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The Crucible
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The Crucible

The Crucible is a play written and published by Arthur Miller in 1953.  It describes the witch trials of Salem, Massachusetts in 1692, an event that Miller used as an allegory for McCarthyism in the USA of the 1950s.  Miller was himself questioned by the House Un-American Activities Committee in 1956.

The play was first performed on January 22, 1953 on Broadway, New York. The reviews of the first production were hostile, but a year later a new production succeeded and the play became a classic.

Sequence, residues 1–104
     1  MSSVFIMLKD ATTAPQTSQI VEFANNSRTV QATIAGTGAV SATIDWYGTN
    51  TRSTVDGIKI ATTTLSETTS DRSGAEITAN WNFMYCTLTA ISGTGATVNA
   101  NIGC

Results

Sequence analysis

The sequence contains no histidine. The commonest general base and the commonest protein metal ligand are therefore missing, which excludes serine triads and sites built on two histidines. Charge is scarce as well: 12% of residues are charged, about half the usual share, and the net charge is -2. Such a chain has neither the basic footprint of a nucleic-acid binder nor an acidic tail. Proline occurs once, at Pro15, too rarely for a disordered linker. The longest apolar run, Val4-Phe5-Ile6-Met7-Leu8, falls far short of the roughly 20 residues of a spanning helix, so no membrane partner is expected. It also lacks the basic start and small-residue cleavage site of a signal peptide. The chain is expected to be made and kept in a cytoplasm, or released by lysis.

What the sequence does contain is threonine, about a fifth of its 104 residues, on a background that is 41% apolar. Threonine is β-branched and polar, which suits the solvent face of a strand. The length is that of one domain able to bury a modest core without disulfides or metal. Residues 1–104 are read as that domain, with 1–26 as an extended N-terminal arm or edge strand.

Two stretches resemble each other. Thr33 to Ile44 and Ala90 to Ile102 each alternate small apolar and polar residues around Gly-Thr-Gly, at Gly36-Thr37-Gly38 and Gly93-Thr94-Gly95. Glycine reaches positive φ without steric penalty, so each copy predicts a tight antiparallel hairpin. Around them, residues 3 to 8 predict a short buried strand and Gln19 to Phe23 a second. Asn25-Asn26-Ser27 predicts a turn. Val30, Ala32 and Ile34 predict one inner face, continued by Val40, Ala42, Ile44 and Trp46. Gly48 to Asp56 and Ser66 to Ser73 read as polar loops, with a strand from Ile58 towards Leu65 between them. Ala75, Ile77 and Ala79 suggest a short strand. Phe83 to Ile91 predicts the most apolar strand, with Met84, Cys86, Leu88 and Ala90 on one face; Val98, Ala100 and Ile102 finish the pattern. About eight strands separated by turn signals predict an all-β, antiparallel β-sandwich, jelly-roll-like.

Cinematic versions of the play were produced in 1957 (Les Sorcières de Salem) and 1996.

Important Characters

John Proctor, Abigail Williams, Reverend John Hale, Elizabeth Proctor, Reverend Parris, Ezekiel Cheever

References

Arthur Miller, Why I Wrote "The Crucible", published in October 21 & 28th issue of The New Yorker, pages 158-164.


The Crucible is a theatre in Sheffield, England; see Crucible Theatre.'''


A Crucible is a heat-resistant container in which metals are melted or fused at very high temperatures; thus, a severe trial or test.